China Stepping Up Anti-Piracy Efforts

World's leading source of illegally copied goods, China accounted for four out of five counterfeit goods shipments seized at U.S. ports last year.

BEIJING (AP) - China has promised to pursue product pirates identified by American authorities in a new effort to stamp out its thriving counterfeit industry, the head of the U.S. customs agency said Friday.
China accounted for about 80 percent of the 14,775 shipments of counterfeit goods seized at U.S. ports last year, said W. Ralph Basham, commissioner of U.S. Customs and Border Protection.
Under a memorandum of cooperation signed this week, U.S. Customs will provide Chinese authorities with information on the source of seized goods, and Beijing will report back on the status of efforts to catch the counterfeiters, Basham said.
''We've got to start dealing with the source of the problem. We can't expect to rely upon interdiction to be our tool in order to stop these products,'' Basham told reporters.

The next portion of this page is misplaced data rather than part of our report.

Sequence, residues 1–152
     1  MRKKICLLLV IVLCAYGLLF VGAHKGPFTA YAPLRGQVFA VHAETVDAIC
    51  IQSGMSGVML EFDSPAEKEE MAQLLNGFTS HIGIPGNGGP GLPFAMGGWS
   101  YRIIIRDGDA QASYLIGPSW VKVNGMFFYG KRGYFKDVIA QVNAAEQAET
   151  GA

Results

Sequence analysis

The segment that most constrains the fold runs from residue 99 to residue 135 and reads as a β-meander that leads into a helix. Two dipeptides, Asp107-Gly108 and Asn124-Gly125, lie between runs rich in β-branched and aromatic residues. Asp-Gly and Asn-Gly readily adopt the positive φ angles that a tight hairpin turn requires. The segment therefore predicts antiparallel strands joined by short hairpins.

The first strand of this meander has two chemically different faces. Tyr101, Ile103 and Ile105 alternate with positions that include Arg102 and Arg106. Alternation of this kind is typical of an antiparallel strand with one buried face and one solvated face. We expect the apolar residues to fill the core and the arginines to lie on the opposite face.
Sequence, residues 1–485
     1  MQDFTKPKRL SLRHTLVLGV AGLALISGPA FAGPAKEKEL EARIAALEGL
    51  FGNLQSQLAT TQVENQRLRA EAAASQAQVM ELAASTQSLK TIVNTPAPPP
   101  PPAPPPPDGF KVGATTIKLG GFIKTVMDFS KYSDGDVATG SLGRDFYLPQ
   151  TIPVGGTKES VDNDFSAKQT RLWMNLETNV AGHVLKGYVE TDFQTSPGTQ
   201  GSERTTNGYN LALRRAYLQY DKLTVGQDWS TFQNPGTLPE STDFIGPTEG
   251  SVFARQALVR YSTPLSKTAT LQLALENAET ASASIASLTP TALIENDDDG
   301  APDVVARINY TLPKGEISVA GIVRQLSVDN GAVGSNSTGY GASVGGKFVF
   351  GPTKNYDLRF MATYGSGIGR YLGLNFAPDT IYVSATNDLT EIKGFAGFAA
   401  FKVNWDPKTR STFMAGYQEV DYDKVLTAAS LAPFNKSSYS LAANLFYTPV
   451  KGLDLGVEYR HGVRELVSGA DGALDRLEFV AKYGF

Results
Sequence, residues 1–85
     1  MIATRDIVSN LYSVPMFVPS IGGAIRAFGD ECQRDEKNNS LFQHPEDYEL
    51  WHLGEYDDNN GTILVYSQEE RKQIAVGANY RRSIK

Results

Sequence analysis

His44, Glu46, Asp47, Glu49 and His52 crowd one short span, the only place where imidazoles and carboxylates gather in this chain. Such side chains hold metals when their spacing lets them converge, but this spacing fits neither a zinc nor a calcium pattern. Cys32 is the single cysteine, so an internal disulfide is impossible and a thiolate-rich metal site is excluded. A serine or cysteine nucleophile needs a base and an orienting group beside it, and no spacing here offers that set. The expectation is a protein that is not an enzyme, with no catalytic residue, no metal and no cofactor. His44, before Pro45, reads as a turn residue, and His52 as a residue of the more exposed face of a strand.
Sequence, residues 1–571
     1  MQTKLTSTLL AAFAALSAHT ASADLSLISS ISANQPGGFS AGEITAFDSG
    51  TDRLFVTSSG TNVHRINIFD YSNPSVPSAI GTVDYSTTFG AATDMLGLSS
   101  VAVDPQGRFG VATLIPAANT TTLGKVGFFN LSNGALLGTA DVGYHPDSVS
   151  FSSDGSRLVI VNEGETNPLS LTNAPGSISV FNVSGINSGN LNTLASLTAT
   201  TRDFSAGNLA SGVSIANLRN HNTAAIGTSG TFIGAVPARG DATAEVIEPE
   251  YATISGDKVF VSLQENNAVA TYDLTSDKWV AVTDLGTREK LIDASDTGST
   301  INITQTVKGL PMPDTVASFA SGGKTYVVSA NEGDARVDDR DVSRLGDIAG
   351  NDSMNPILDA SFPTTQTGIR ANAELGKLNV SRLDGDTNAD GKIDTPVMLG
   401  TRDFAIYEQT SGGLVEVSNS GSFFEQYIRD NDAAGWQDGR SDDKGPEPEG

China is the world's leading source of illegally copied goods, ranging from designer clothing and Hollywood movies to computer software, sports equipment and medications. U.S. officials say pirates cost legitimate producers billions of dollars a year in lost potential sales.
Under foreign pressure, China has increased penalties for piracy and launched repeated crackdowns. But business groups including the U.S. Chamber of Commerce and the Motion Picture Association of America say the scale of piracy is growing faster than enforcement.
Basham met with his Chinese counterpart, Mu Xinsheng, and other officials this week.
Basham said American officials also offered China help in ensuring security for the 2008 Beijing Olympics. He said that might include support from a U.S. program in place at several foreign airports to identify travelers who might be barred from the United States.
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